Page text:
Speaking Thursday to a group of priests, bishops, deacons, consecrated persons, seminarians, and pastoral workers at the Cathedral Basilica of Notre-Dame de Québec, Pope Francis urged those present to model Christian joy and fraternity to those to whom they minister.
“Christian joy is about the experience of a peace that remains in our hearts, even when we are pelted by trials and afflictions, for then we know that we are not alone, but accompanied by a God who is not indifferent to our lot. When seas are rough: The storm is always on the surface but the depths remain calm and peaceful. That is also true of Christian joy: It is a free gift, the certainty of knowing that we are loved, sustained and embraced by Christ in every situation in life,” the pope said in his homily as part of a Vespers service at the cathedral.
The pope noted that the first Bishop of Québec, St. François de Laval, opened a seminary in 1663 and devoted his entire ministry to the formation of priests.
“Dear brothers and sisters, the Gospel needs to be proclaimed if we are to communicate the joy of faith to today’s men and women,” the pope said. “Yet this proclamation is not primarily a matter of words, but of a witness abounding with gratuitous love, for that is God’s way with us. A proclamation that should take shape in a personal and ecclesial lifestyle that can rekindle a desire for the Lord, instill hope, and radiate trust and credibility.”
Avoiding ‘vain nostalgia’
Pope Francis spoke about contemporary challenges to the faith, including the concept of secularization, which he described as “relegating God, as it were, to the background.” He warned, however, that “we must be careful not to fall prey to pessimism or resentment, passing immediately to negative judgments or a vain nostalgia.”
“Bitterly” complaining that “the world is evil; sin reigns” is “not Christian,” the Holy Father asserted.
“We are called, instead, to have a view similar to that of God, who discerns what is good and persistently seeks it, sees it and nurtures it,” the pope preached.
“If we yield to the negative view and judge matters superficially, we risk sending the wrong message, as though the criticism of secularization masks on our part the nostalgia for a sacralized world, a bygone society in which the Church and her ministers had greater power and social relevance,” Pope Francis said.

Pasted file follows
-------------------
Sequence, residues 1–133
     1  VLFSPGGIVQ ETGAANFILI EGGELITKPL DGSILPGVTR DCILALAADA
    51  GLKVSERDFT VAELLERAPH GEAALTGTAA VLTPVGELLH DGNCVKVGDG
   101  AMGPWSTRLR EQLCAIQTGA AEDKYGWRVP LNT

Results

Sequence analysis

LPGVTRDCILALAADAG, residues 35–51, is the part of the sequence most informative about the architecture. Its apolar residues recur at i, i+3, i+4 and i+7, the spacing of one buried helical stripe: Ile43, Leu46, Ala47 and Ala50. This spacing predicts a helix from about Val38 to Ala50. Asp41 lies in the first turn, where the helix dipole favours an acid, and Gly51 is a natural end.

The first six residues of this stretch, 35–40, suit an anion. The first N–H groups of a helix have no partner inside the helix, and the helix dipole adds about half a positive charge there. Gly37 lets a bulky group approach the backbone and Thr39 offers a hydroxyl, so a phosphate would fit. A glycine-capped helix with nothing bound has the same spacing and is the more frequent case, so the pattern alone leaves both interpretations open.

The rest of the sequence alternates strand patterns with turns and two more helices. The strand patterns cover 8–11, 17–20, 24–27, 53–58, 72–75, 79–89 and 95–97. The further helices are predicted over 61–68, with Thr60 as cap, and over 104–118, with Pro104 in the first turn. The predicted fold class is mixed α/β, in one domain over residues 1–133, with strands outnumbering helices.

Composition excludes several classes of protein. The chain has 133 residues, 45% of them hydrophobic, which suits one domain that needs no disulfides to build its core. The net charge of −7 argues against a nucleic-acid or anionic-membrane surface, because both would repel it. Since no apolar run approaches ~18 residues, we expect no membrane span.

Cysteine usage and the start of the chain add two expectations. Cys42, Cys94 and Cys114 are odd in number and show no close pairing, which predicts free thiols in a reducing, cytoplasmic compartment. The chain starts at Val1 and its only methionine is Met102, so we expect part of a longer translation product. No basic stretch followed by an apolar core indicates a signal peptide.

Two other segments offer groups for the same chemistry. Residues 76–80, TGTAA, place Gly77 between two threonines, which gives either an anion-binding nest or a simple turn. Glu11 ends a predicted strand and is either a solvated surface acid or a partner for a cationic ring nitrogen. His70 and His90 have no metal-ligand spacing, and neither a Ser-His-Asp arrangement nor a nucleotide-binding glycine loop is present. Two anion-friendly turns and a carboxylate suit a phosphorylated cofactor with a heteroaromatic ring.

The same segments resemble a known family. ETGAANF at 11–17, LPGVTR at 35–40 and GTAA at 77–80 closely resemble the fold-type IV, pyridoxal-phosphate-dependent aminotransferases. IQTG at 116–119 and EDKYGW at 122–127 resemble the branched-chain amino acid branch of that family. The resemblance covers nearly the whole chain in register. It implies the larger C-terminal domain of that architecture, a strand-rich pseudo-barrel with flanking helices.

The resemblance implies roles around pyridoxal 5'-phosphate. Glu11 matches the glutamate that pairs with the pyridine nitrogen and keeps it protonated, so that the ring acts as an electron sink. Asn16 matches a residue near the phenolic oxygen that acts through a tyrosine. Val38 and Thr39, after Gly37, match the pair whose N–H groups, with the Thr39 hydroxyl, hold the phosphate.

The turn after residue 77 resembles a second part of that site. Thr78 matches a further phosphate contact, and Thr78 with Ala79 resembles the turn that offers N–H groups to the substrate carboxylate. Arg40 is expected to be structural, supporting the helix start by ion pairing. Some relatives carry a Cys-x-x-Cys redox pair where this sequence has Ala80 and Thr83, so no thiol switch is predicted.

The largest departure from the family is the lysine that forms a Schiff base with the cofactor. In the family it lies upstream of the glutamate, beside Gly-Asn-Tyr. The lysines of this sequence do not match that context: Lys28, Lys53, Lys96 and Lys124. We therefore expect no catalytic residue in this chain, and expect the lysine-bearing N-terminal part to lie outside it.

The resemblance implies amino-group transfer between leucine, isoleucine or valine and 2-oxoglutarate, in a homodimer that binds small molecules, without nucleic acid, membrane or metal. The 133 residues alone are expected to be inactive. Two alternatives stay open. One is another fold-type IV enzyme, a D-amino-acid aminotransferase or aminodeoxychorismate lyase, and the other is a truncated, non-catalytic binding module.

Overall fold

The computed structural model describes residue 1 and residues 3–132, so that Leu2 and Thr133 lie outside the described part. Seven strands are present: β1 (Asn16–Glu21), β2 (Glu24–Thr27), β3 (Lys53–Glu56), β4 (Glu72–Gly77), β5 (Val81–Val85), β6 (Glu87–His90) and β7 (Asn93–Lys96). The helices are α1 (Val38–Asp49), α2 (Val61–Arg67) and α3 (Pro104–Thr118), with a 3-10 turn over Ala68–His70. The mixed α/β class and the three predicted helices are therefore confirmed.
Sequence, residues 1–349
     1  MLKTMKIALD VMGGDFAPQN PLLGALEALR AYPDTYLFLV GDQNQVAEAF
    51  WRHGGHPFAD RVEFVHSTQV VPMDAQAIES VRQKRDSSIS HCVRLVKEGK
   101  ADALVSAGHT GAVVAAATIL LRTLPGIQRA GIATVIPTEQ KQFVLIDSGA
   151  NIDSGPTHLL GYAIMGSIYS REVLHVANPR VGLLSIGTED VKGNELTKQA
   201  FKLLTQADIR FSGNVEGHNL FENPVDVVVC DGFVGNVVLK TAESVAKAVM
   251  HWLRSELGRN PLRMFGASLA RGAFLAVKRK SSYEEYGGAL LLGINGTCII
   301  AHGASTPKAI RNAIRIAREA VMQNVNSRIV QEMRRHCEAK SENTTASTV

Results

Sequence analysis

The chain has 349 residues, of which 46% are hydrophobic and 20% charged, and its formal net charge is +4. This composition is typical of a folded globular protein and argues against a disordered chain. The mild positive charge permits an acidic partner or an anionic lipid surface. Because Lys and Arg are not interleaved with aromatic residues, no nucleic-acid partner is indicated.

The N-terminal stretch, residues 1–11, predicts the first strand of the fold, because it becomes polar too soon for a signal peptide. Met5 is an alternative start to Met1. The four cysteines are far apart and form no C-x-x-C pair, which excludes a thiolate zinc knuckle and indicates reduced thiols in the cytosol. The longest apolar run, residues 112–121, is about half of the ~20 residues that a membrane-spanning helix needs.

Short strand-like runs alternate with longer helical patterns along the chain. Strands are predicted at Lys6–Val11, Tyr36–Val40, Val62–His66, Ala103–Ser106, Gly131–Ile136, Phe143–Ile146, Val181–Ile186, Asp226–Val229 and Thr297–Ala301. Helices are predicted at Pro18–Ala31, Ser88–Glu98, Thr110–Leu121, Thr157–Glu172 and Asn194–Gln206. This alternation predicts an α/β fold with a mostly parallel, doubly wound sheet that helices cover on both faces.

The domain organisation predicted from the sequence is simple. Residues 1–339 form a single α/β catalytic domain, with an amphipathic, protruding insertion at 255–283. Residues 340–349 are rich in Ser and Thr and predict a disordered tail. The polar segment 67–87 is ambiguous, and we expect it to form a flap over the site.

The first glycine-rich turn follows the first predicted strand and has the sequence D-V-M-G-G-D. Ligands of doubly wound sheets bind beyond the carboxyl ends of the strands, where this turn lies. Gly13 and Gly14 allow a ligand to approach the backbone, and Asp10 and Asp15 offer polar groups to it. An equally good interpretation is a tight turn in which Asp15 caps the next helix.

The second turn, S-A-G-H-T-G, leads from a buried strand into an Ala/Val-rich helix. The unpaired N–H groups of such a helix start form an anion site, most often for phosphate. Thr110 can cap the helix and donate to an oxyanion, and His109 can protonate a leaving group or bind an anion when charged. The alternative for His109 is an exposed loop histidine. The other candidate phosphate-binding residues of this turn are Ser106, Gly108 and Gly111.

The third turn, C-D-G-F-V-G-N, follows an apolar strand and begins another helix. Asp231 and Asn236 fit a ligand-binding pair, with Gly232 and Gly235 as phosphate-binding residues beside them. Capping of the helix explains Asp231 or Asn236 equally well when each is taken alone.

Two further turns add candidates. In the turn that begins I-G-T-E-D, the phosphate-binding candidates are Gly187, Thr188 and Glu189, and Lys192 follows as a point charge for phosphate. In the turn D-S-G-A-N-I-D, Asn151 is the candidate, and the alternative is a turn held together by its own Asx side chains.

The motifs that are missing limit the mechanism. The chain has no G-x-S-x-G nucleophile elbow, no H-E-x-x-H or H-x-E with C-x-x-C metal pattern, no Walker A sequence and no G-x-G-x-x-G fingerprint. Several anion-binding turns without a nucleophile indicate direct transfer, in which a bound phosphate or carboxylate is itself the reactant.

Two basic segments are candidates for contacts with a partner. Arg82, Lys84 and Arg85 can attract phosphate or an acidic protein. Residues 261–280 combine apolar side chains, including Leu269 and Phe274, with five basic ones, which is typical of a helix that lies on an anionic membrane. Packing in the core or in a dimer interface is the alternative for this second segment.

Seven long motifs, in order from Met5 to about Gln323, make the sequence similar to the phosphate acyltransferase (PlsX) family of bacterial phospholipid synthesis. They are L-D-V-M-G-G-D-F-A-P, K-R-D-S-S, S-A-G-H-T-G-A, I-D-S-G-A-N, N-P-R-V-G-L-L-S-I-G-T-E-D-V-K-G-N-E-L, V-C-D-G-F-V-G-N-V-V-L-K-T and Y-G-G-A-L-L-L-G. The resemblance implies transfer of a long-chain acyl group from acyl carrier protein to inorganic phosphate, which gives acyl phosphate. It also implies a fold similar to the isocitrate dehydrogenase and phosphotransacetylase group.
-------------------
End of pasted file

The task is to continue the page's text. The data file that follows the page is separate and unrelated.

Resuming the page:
“And this is a mistaken way of seeing things … secularization demands that we reflect on the changes in society that have influenced the way in which people think about and organize their lives,” he continued. “If we consider this aspect of the question, we come to realize that what is in crisis is not the faith, but some of the forms and ways in which we present it.”
Three challenges in a secular age
The pope offered three “challenges” to the pastoral workers that he said can shape their prayer and pastoral service in a world shaped by secularization.
The first challenge the pope cited is to “make Jesus known,” proclaiming him in a similar way to the apostles in the Book of Acts, through “a pastoral creativity capable of reaching people where they are living, finding opportunities for listening, dialogue and encounter.”
The second challenge he offered is “witness.” In this part of his speech, Pope Francis again acknowledged and apologized for the abuses suffered by indigenous students at church-run residential schools in Canada.
“The Gospel is preached effectively when life itself speaks and reveals the freedom that sets others free, the compassion that asks for nothing in return, the mercy that silently speaks of Christ,” Pope Francis said.
“The Church in Canada has set out on a new path, after being hurt and devastated by the evil perpetrated by some of its sons and daughters,” the pope observed.
“I think in particular of the sexual abuse of minors and vulnerable people, scandals that require firm action and an irreversible commitment. Together with you, I would like once more to ask forgiveness of all the victims. The pain and the shame we feel must become an occasion for conversion: Never again!” he said.
“And thinking about the process of healing and reconciliation with our indigenous brothers and sisters, never again can the Christian community allow itself to be infected by the idea that one culture is superior to others, or that it is legitimate to employ ways of coercing others,” he vowed.
“Let us recover the zeal of your first Bishop, St. François de Laval, who railed against those who demeaned the indigenous people by inducing them to imbibe strong drink in order then to cheat them,” the pope said. “Let us not allow any ideology to alienate or mislead the customs and ways of life of our peoples, as a means of subduing them or controlling them.”
The third challenge he offered is “fraternity.” The pope encouraged the pastoral men and women to examine how they are doing in terms of building “relationships of fraternity with everyone.”
“Are we brothers, or competitors split into parties? And how about our relationships with those who are not ‘one of our own,’ with those who do not believe, with those who have different traditions and customs? This is the way: to build relationships of fraternity with everyone, with indigenous brothers and sisters, with every sister and brother we meet, because the presence of God is reflected in each of their faces.”
The pope spoke following an introduction and welcome from Raymond Poisson, Bishop of St-Jérôme-Mont-Laurier. The pope received a standing ovation after his homily.
Afterward, the Cardinal Archbishop of Québec, Gérald Lacroix, accompanied the pope to the tomb of St. Francis de Laval, where they prayed silently.
Continuing what he has called a “penitential pilgrimage” in Canada, Pope Francis is set to fly north on Friday, July 29, to Iqaluit, to meet privately with students of the former residential schools. He will return to Rome the same day, arriving on Saturday, July 30.